Reclamation's guiding water document, Biological Assessment,
Bureau of Reclamation released its new biological assessment
regarding water flows into the Klamath River from Upper
Klamath Lake Friday evening.
document is a precursor to a Biological Opinion that guides
how much water is released and when to protect endangered
fish downstream and meet On Project irrigator demands.
document is nearly 450 pages, plus 250 pages of appendices.
titled, “Final Biological Assessment: The effects of the
proposed action to operate the Klamath Project from April 1,
2019, through March 31, 2029, on federally listed threatened
and endangered species.”
full set of documents is posted on the Herald and News
website (www.heraldandnews.com) to allow the public to
review it. Since it is so extensive — and many officials are
unavailable due to the holiday weekend — analysis of the
document will be written at a later date.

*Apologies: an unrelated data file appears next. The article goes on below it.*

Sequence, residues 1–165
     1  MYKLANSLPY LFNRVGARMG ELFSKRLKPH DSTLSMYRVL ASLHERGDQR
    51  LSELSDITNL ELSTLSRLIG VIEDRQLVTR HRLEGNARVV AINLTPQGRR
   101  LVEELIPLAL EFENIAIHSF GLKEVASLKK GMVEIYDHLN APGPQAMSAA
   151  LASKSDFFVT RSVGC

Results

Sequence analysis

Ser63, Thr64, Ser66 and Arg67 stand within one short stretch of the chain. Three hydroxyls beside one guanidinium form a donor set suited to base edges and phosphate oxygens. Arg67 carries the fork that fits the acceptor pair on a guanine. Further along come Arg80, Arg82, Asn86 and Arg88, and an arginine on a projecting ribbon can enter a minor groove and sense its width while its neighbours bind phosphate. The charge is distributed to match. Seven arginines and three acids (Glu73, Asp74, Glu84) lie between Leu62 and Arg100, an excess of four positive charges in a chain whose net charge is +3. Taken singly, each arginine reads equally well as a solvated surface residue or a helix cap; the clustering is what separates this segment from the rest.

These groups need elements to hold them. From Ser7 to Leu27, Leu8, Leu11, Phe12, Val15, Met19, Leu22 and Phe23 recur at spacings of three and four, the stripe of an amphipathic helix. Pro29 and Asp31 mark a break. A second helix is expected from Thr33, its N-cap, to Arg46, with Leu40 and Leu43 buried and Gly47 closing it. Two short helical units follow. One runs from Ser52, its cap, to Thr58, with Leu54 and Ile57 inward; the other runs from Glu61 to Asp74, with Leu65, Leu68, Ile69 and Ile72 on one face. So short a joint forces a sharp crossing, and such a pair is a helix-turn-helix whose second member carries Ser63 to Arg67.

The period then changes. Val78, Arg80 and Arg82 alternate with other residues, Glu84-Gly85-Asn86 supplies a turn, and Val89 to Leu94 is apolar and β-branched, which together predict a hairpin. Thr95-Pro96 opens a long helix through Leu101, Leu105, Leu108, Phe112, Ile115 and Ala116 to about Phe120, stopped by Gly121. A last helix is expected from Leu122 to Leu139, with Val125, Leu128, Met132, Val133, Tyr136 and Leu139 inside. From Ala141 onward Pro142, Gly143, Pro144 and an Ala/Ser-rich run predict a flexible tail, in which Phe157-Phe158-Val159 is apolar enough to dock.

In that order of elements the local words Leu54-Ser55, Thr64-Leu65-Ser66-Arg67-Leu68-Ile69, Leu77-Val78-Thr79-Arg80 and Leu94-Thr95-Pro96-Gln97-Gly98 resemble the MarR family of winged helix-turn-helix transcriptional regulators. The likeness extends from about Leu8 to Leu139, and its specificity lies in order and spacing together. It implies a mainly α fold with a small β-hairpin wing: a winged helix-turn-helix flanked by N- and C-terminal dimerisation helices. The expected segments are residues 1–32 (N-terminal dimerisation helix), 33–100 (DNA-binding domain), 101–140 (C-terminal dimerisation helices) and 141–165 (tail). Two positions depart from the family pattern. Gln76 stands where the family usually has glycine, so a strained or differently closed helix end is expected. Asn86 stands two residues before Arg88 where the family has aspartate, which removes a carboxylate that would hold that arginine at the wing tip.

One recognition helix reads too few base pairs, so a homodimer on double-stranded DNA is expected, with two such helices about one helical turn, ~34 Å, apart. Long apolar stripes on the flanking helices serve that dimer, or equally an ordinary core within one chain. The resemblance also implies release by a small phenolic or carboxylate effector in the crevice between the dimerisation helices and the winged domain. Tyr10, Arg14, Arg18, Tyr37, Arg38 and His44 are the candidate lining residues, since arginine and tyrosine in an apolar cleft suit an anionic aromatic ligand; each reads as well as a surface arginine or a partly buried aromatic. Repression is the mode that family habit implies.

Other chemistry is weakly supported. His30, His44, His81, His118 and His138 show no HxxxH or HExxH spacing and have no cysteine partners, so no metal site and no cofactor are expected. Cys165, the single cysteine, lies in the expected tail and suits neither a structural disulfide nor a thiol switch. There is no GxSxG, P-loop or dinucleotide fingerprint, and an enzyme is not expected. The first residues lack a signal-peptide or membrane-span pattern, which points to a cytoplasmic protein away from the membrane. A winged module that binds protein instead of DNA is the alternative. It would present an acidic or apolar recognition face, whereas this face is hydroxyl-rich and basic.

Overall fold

Project is located in south-central Oregon and northeastern
California and contains approximately 230,000 acres of
Reclamation stores, diverts and conveys waters of the
Klamath and Lost Rivers to meet authorized Project purposes
— including the wildlife refuges — and contractual
obligations in compliance with state and federal laws and
carries out the activities necessary to maintain the Project
and ensure its proper long-term functioning and operation.
federally listed endangered and threatened species include
the Lost River sucker, shortnose sucker, coho salmon, and,
to a lesser degree, the North American green sturgeon.
last Biological Opinion which Reclamation was operating
under was released in 2013.
document said that its “proposed action…is likely to
adversely affect Lost River and shortnose suckers and coho
Details of how Reclamation will use the operating document
will be written as time allows and as news sources become
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